Kensington Runestone, Part 2


In’s early years, I often wrote short, to-the-point articles about Minnesota roadside attractions and where to find them, offering a brief description of the attraction and its history, and often something else nearby if you’re in the area.  But as the site grew and I saw and learned more things, I now take more time to research, write, and edit the articles, often with more photos and information.  Today we’re revisiting an article I penned about the Kensington Runestone, with some new photos, insight, and information. The story is intriguing, we know that.  Whether it’s true or not is sharply debated. What is absolutely not up for debate whatsoever is the enduring lore, influence, and romanticism that the Kensington Runestone has brought Minnesota for over 100 years and will likely continue to.


A more-detailed version of the story goes like this:  In 1898, a Swedish immigrant named Olof Ohman was clearing some swampy, hilly land he had acquired recently to the west of Alexandria, MN,  and found a slab of greywacke sandstone tangled in the roots of a small poplar tree.  He and his son unearthed the slab and noticed runic markings on the slab.  The markings were translated by a linguistics expert at the University of Minnesota, who dismissed the whole thing as a hoax.  The translation read, “Eight Goths and twenty-two Norwegians on an exploration journey from Vinland to the west. We had camp by two skerries one day’s journey north from this stone. We were [out] to fish one day. After we came home [we] found ten men red of blood and dead. AVM save [us] from evil.””[We] have ten men by the sea to look after our ships, fourteen days’ travel from this island. [In the] year 1362.”


If this were true, it would be historical proof that Viking explorers came from Europe over a century before Columbus, and made it as far as Minnesota, which would then mean that Minnesota was the birthplace of modern-day America.  The translation was sent to experts in Norway and Sweden, who also doubted the authenticity.  Flaws were pointed out in the language, the grammar, and even the lexicon used. The logistics of the route the Vikings would have traveled to even get that far has been debated. Norwegian and Swedish professionals contest the story.   The stone was even sent to Europe for examination, where it was further dismissed as a hoax. It later was on display at the Smithsonian Museum in New York City, where the story conversely gained much public support. Debates over its authenticity continue to this day.IMG_9262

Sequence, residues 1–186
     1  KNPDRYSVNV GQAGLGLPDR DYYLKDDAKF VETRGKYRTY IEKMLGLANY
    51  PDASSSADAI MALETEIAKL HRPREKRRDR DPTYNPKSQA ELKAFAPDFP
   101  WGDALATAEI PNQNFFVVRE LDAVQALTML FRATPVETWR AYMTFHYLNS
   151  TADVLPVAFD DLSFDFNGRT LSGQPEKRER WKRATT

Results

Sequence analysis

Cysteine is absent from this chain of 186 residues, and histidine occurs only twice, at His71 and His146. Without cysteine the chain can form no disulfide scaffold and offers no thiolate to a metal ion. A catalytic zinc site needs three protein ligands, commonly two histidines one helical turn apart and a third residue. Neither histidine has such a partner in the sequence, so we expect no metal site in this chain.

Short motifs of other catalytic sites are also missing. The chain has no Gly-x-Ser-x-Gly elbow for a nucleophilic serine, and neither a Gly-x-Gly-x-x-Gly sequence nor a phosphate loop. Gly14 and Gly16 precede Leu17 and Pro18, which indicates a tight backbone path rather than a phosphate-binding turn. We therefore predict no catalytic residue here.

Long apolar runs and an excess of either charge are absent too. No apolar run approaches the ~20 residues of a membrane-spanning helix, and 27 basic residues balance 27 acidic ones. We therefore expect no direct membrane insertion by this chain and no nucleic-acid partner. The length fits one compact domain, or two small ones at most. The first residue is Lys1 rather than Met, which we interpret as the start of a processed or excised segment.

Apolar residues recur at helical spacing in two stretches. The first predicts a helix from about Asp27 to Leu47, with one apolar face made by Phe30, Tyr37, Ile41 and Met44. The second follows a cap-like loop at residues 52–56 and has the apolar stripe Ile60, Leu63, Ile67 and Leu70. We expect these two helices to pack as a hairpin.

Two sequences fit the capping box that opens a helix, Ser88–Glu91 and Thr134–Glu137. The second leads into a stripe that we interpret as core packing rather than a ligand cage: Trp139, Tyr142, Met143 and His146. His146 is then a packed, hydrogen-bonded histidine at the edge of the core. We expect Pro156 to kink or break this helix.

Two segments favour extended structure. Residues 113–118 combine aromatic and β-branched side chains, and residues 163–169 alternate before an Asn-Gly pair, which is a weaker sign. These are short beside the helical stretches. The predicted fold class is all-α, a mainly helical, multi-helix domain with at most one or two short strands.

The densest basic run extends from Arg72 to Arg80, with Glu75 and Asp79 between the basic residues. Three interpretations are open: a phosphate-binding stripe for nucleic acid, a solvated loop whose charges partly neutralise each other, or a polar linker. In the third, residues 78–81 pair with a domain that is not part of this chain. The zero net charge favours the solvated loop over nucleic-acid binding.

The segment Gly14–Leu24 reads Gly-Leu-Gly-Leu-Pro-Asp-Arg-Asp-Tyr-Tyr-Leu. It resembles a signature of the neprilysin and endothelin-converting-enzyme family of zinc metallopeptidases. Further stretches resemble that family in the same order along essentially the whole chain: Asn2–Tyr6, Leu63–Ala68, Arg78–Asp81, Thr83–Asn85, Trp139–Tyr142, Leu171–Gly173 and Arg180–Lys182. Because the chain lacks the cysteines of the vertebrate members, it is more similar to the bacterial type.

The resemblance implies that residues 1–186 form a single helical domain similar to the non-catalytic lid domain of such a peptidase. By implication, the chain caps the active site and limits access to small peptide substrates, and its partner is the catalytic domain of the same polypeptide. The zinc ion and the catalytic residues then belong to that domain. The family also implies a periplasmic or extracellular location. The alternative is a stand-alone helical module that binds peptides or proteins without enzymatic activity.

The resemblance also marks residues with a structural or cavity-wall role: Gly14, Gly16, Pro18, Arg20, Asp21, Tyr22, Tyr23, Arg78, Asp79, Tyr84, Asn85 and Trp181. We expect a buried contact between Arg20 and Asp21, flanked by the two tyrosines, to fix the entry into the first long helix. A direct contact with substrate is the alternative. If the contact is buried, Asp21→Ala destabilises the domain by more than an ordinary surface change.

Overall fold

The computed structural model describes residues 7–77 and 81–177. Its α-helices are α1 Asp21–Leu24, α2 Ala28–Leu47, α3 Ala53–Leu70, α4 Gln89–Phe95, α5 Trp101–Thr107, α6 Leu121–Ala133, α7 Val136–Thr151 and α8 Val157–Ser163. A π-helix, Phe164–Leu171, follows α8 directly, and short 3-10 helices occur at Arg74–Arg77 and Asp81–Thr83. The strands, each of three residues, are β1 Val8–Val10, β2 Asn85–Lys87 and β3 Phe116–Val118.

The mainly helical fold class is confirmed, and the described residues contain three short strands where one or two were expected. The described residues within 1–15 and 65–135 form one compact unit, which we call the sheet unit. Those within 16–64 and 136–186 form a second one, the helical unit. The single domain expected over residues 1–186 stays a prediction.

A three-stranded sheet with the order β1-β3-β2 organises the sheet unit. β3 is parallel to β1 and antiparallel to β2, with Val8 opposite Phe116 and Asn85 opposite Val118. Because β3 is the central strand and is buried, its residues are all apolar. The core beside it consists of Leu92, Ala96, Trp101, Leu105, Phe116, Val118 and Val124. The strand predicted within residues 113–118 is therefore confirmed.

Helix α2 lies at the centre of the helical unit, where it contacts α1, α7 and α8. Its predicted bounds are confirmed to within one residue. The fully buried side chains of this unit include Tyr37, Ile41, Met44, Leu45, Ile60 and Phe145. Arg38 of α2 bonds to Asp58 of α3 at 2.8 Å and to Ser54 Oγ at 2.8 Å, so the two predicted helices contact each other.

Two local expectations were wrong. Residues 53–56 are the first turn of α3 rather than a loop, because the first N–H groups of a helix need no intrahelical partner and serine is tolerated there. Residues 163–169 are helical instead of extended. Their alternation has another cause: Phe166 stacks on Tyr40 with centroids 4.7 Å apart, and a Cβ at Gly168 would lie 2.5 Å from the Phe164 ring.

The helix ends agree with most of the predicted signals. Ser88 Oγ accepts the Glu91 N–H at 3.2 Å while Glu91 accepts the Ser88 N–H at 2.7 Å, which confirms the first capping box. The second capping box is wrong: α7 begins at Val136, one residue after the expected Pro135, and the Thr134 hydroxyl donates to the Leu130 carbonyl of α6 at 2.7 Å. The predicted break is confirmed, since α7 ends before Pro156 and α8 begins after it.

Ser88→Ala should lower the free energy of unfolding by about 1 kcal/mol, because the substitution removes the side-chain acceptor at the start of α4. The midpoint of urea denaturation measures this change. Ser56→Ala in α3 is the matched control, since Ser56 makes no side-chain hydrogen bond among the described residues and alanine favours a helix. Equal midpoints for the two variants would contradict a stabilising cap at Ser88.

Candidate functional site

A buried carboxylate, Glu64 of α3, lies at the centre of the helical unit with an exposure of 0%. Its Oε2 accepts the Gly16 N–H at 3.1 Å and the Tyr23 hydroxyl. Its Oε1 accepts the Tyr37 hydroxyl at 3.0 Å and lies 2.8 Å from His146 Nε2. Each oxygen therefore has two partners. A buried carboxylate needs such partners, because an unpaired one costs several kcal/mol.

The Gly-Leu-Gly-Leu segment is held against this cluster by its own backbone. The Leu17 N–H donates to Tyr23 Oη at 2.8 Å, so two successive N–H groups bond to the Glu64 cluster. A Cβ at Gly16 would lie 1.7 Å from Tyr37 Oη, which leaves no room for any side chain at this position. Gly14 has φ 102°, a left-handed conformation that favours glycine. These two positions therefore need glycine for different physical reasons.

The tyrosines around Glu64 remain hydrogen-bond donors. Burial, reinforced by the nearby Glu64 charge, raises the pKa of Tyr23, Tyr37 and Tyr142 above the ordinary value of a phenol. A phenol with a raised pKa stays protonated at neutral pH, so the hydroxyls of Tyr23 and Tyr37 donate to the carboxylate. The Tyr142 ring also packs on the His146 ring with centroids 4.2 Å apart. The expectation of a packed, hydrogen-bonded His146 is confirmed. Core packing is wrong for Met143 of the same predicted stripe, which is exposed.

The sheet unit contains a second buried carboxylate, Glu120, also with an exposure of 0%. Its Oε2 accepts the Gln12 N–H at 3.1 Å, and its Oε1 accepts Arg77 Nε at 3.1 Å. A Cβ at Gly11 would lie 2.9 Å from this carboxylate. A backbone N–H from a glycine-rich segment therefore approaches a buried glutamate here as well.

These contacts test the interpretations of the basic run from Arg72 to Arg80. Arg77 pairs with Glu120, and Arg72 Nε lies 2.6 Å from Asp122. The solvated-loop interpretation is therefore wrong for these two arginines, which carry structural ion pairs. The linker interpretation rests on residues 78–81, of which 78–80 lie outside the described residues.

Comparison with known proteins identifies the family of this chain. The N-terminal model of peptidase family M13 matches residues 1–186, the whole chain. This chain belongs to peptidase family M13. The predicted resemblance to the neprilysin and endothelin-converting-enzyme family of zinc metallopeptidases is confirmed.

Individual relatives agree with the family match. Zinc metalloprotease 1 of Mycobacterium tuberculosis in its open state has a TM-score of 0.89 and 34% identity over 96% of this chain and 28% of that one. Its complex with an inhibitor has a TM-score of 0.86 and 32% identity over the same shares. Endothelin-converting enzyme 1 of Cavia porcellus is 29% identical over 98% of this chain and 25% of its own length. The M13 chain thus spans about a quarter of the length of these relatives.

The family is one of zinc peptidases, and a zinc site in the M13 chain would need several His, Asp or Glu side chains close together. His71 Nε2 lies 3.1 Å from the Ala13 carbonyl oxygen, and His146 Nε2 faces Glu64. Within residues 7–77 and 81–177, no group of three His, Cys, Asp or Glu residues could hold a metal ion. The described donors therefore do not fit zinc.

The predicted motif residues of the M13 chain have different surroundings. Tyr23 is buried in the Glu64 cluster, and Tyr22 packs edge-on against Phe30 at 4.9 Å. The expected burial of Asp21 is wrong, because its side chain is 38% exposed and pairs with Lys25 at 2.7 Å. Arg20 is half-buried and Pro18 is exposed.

The Runestone can be seen in person at the Runestone Museum in Alexandria (above). Many historians and lovers-of-all-things-quirky make the mecca to the Runestone Museum, where even suggesting that the Runestone be inauthentic is a big no-no. Also at the musuem, you can even peruse other Viking memorabilia and local artifacts, see a replica of a Viking ship, and buy all kinds of runestone merch in the gift shop. After you’ve had your fill, head down the street a ways to see a 15′ tall statue of the Runestone (below).


After all that, visitors often head about 15 minutes away from Alexandria out onto the rolling plains to the small town of Kensington. They take the Runestone seriously there.  Everything in Kensingston is named after the Runestone. The town might as well just be called Runestone. IMG_2654

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There you will find an entire county park dedicated to the Runestone Discovery Site, which features a small statue of the stone, the Ohman’s original farmhouse, picnic areas, and even a lookout over the swamp where the stone was allegedly found.


Is it real or a hoax?  Much like the Patterson-Gimlin Bigfoot evidence, the Loch Ness Monster, or even Minnesota’s own UFO encounter,  there probably is no way we’ll ever know the truth.  But that’s what the stuff of legends is made out of. If the Kensington Runestone is real, it turns everything we’ve ever known about the history of America on its ear.  Columbus Day, Plymouth Rock, even the name “America” all would be irrelevant, history would be completely rewritten.  If it’s a hoax, it’s an enduring one, one that has had a profound influence on Minnesota.  The Minnesota Vikings, for example.  Even Big Ole, a Viking statue across from the Runestone Musuem in Alexandria, has a shield proclaiming Minnesota as the Birthplace of America.  Deep down, we all want to believe it’s true.


While in the area:  There is a lot to do around the Alexandria area, like the Depression-era Brandon City Hall building, have lunch at the always-awesome Zorbaz, or head just south of town to the quirky Pottyville, USA.

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